Conservative Christians, with whom I am otherwise quite sympathetic, sometimes become skittish around philosophical ideas that I hold dear (Platonism). This fear often amounts to no more than an unarticulated worry about contamination from non-Christian, pagan sources. Better to stay on the safe ground of the Apostle than to wander off into those dark regions of thought where who knows what ideas might lie. Here be dragons. As a simple heuristic for those who don’t have the resources to be full-time readers, this approach isn’t so bad, and frequently their worry turns out to be justified. For example, I know mothers with children who began to experiment with New Age ideas or dabble in the materialistic syncretism that dominates our age. Since this dabbling was motivated out of rebellion rather than genuine philosophical inquiry it unsurprisingly led to the disintegration of the child’s already unstable Christian world-view. Such parents are right to be leery when they see others taking similar first steps down a road that all-too-often ends in disaster.

Sometimes, however, I see this inarticulate worry rise to the level of an explicit argument which is just plain fallacious. It takes this form:

  1. I notice that idea or practice X has feature Y.
  2. I’ve also noticed that New Age teachers (or atheism, Buddhism, etc.) also has feature Y, and I know that those are unchristian.
  3. Therefore, idea or practice X must also be unchristian.

If we were to turn this form of thinking into a categorical syllogism, it would fall foul of what we call in my Mars Hill logic class “the Fallacy of Undistributed Middle.” We can see the fallacy more clearly if we use an obviously absurd example:

  1. All cute little babies breath oxygen.
  2. All Nazis breath oxygen.
  3. Therefore, all cute little babies must be Nazis.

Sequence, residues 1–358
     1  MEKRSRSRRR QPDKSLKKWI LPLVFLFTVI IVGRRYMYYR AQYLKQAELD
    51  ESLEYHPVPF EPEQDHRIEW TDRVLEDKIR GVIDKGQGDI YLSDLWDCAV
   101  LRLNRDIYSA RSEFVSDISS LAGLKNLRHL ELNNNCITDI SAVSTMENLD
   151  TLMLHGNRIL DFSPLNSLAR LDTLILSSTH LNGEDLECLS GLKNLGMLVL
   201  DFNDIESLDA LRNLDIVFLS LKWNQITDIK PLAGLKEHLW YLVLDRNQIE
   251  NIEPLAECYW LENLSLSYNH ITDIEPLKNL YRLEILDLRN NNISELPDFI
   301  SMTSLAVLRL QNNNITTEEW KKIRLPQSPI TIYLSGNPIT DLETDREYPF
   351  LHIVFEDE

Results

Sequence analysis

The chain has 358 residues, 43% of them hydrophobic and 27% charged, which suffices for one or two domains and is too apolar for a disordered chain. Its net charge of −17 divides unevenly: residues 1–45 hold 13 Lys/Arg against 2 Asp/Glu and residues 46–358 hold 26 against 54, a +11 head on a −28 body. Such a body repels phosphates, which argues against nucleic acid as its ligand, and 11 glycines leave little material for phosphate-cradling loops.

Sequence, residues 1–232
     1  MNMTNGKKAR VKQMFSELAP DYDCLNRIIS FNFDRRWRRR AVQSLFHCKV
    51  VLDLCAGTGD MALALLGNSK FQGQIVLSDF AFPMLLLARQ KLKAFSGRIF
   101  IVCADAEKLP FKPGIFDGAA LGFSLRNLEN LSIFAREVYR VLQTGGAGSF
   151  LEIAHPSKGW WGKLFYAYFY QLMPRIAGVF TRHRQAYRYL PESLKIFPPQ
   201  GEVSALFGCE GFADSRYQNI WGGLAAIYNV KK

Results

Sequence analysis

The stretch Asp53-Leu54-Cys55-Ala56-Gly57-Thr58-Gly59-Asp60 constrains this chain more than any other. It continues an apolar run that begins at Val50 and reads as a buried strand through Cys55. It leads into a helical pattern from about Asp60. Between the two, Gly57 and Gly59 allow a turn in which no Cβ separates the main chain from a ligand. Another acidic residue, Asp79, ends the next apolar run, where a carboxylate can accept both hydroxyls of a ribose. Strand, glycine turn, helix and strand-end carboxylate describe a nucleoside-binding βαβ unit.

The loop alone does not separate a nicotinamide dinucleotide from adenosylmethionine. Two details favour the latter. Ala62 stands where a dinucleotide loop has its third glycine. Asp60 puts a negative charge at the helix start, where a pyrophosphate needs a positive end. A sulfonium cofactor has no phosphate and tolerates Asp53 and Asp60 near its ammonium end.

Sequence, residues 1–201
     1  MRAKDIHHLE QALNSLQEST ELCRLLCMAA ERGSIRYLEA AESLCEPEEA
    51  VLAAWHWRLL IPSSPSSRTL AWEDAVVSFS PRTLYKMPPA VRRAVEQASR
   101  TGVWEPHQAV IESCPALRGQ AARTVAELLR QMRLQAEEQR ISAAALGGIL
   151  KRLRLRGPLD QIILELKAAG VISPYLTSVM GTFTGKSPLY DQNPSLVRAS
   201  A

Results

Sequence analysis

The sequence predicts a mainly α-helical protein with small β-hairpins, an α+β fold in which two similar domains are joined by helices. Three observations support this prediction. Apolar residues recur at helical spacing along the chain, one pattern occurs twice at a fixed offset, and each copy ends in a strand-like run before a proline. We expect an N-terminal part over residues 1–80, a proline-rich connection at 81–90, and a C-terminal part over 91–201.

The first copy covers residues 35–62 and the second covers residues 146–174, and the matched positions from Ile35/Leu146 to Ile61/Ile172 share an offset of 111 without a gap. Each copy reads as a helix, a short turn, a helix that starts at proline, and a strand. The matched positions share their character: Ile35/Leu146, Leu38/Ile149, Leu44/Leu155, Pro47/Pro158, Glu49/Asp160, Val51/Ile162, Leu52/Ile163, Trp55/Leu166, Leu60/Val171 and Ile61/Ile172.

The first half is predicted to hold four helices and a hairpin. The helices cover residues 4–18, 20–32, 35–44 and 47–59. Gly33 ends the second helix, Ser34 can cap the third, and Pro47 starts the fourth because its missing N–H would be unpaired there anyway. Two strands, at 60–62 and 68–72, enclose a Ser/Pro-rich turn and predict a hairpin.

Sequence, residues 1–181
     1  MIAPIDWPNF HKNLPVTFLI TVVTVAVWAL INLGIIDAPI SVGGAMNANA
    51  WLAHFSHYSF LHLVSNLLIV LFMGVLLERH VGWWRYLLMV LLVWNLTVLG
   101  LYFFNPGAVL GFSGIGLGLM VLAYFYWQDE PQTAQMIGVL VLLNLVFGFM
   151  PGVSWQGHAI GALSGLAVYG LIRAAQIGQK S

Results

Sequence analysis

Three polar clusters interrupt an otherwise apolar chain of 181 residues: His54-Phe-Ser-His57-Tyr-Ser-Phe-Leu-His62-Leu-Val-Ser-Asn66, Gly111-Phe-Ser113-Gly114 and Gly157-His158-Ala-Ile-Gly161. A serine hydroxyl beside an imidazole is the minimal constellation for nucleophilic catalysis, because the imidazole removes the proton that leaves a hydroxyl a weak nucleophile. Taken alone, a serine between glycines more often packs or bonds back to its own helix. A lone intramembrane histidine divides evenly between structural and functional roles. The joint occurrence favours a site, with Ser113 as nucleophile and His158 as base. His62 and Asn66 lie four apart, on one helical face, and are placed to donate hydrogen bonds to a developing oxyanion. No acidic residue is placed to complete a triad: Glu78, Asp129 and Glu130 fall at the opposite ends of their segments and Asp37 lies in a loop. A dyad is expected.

To take a real-life example, I generally suggest in my prayer class that people begin their time of morning prayer by closing their eyes and taking several deep breaths. I also suggest that they adopt a posture in which they are not likely to fall asleep or get uncomfortable after twenty minutes. Somebody once commented that this sounded like Eastern Buddhist stuff. Indeed it does, but the reason is easy to see. Taking deep breaths helps people calm their mind from distracting thoughts and concentrate on what’s at hand. Since this a a basic, universal physiological fact about humans its not surprising that Buddhists discovered it. But it’s also not surprising that the Greeks discovered it, that ancient Celts discovered it, or that I discovered it all on my own as a child before I ever read any of this.

Recognizing the silliness of this way of thinking, some people go to the other extreme and think that it makes no difference what we think or do and so allow all manner of distortions to infiltrate Christian thought and practice. We need to differentiate mere surface similarity from substantive corruption, and be fully on guard against the latter. As an example, I sometimes meet Christians who think that goodness should be measured by practical outcomes—sometimes they go so far as to say that positive practical outcomes justify the means. Now, this is not merely a surface similarity with utilitarianism; it is utilitarianism. Here, the problem is not that Christianity has rubbed shoulders with paganism. The problem is that the position is outright false. I would encourage everyone, then, to investigate whether things are true or false, good or evil, substantively conforming to the teachings of Christ or substantively contradicting them. Don’t allow a whiff of something you encountered once in college pass for real judgment because of mental laziness. If you genuinely lack the time or ability, better to withhold judgment. But better still to press on and think things through, so cultivating the virtue of prudence and sound judgment.